When I heard the upcoming platformer Eternal Hope by Brazilian developer Doublehit Games was inspired in part by the works of Studio Ghibli, it immediately caught my interest. The game is scheduled to launch on PC on August 6 and Xbox One later this year, and was voted “Best Brazilian Game” by IGN at Brazil Game Show 2019, and it’s not hard to see why – the visuals are striking, and it looks like it will be perfect for those who like puzzle platfomers.
I had the opportunity to try out the prologue, which is available for PC for free now ahead of the game’s full release on August 9. While I don’t generally tend to love platformers, I’ll play anything with the right kind of charm, and I can’t stop having good things to say about the Rayman Legends series, so I wasn’t going to let my sometimes (read: often) frustrations with platformers get in the way of checking out Eternal Hope!
The Eternal Hope prologue immediately conjures up comparisons to other games – be it Limbo, Heart of Darkness, or Shadow of the Colossus. You play as Ti’bi, who embarks on a journey to bring his girlfriend’s heart back from the Shadow World. To do so, he’s given a mysterious power to shift between realms, and there he finds friends that will aid him on his quest, as well as a fair share of enemies.
Aesthetically, the game is a treat both visually and audibly, and it’s easy to see Ghibli comparisons to some of the creatures. While there weren’t any super difficult puzzles in the prologue, I enjoyed using Ti’bi’s power to switch between realms to figure out how to advance through an area. It was always a delight to see what kind of creature was hiding in the Shadow Realm! And since Ti”bi’s power is limited, there are some fun ways the developers play with the limited time you have to switch between realms.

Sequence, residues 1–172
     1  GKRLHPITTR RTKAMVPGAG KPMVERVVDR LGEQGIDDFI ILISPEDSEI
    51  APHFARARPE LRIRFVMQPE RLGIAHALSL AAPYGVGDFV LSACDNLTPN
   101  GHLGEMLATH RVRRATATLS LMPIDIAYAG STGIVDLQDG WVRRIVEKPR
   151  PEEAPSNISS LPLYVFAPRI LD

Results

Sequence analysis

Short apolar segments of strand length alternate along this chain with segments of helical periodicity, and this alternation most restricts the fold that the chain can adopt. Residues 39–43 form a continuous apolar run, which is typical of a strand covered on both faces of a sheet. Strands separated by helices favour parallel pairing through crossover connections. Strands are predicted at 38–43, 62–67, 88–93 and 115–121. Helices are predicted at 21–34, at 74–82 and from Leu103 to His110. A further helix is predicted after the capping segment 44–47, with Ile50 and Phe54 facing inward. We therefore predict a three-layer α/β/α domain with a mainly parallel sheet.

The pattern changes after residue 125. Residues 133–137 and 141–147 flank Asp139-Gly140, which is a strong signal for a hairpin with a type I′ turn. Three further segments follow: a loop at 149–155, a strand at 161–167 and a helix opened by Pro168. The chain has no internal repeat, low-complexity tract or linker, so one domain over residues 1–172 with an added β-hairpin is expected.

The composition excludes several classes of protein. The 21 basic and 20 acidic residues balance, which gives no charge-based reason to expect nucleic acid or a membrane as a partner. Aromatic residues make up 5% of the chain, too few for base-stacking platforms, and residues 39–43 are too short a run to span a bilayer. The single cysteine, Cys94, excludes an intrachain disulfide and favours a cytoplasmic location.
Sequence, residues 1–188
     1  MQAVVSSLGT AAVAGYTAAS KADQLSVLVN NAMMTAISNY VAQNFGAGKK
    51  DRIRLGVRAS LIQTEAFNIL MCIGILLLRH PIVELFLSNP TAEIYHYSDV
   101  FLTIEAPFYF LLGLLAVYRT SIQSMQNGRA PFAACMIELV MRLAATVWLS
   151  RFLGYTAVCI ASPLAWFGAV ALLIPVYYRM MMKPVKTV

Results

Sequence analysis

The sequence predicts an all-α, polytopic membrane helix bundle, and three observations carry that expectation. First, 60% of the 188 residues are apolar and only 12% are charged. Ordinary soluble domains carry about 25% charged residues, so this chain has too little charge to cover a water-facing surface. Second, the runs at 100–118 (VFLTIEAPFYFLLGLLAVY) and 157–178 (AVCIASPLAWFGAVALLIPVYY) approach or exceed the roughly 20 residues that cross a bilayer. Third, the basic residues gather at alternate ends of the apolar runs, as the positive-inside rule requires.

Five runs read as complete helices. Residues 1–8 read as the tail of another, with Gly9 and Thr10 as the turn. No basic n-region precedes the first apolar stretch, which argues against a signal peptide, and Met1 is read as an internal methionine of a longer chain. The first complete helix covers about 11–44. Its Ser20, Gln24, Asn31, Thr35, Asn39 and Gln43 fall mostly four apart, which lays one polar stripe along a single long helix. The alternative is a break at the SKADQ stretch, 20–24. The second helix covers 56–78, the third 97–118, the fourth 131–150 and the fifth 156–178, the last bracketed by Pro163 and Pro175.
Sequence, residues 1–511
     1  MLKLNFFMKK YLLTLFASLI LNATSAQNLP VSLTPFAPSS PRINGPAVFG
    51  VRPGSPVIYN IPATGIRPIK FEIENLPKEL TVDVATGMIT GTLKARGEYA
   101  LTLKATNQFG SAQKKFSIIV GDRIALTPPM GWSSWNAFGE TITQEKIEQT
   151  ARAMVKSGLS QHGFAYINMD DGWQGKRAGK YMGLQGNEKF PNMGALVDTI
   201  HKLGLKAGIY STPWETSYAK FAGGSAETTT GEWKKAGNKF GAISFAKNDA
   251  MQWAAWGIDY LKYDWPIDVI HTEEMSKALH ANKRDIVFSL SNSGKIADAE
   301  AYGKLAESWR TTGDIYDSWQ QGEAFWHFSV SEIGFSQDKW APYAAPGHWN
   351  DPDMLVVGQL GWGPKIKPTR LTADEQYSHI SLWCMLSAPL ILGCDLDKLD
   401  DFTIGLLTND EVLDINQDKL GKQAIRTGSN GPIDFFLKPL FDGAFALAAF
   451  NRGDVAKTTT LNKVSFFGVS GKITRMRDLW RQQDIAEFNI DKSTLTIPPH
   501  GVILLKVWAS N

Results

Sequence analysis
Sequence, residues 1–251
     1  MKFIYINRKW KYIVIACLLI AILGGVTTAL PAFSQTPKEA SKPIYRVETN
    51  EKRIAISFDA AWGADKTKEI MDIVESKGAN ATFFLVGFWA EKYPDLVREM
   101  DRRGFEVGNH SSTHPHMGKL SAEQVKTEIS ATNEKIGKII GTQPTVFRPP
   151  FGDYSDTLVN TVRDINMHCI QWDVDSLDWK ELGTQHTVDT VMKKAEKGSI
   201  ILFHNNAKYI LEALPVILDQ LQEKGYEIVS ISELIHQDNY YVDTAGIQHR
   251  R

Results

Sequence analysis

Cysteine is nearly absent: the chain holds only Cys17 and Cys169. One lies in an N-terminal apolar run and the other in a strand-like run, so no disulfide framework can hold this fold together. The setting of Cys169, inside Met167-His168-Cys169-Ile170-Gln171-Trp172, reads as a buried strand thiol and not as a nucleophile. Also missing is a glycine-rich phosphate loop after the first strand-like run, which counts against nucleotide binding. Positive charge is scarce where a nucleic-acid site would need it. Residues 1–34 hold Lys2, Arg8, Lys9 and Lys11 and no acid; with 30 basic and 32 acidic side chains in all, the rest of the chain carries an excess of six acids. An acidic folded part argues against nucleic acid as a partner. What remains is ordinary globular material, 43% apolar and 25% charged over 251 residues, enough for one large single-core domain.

Unfortunately, however, I found Eternal Hope‘s premise of “boy is all alone, boy meets girl, boy falls in love, boy loses girl, boy goes off to save girl” to be rather trite and just not something that gets me excited to play a game, read a book, or engage with any other kind of media, to be honest. The way the story is laid out t through voiceless, storybook-like cutscenes feels like it was intended to move players, but instead, I wanted to skip it and get straight into the action.
Eternal Hope also seems to go for a type of platforming trope (if you can call it that) that I’m not a fan of, which I’ll call SUDDEN DEATH. For example, you play through the same area twice at the beginning of the prologue, and the first time you traverse it, you have no problems at all. However, on the second time though, all of a sudden for no discernible reason, Ti’bi can no longer traverse through water and is assaulted by random deadly rolling rocks! (Ok, to be fair, there was a bad thunderstorm…? But that doesn’t explain why he can no longer swim.)
While you do get used to the fact that swimming just isn’t an option and every so often a rock will appear out of nowhere to smush you, sudden, unexpected/unpredictable death traps are not my preferred platforming experience. The controls also felt a little sluggish, particularly for jumping, which made the more time-sensitive movements such as avoiding boulders more frustrating. For what it’s worth, I played on my laptop on medium settings with an Xbox One controller.
I don’t think Eternal Hope is doing anything particularly new or revolutionary, but not every game needs to, and Eternal Hope is pulling from a lot of great media for its inspirations. If puzzle platforming is your thing, and you don’t mind a few random deaths here and there, I would keep an eye out for the full version of Eternal Hope. In the meantime, there’s absolutely no reason not to try out the prologue for free and see for yourself if this game is for you.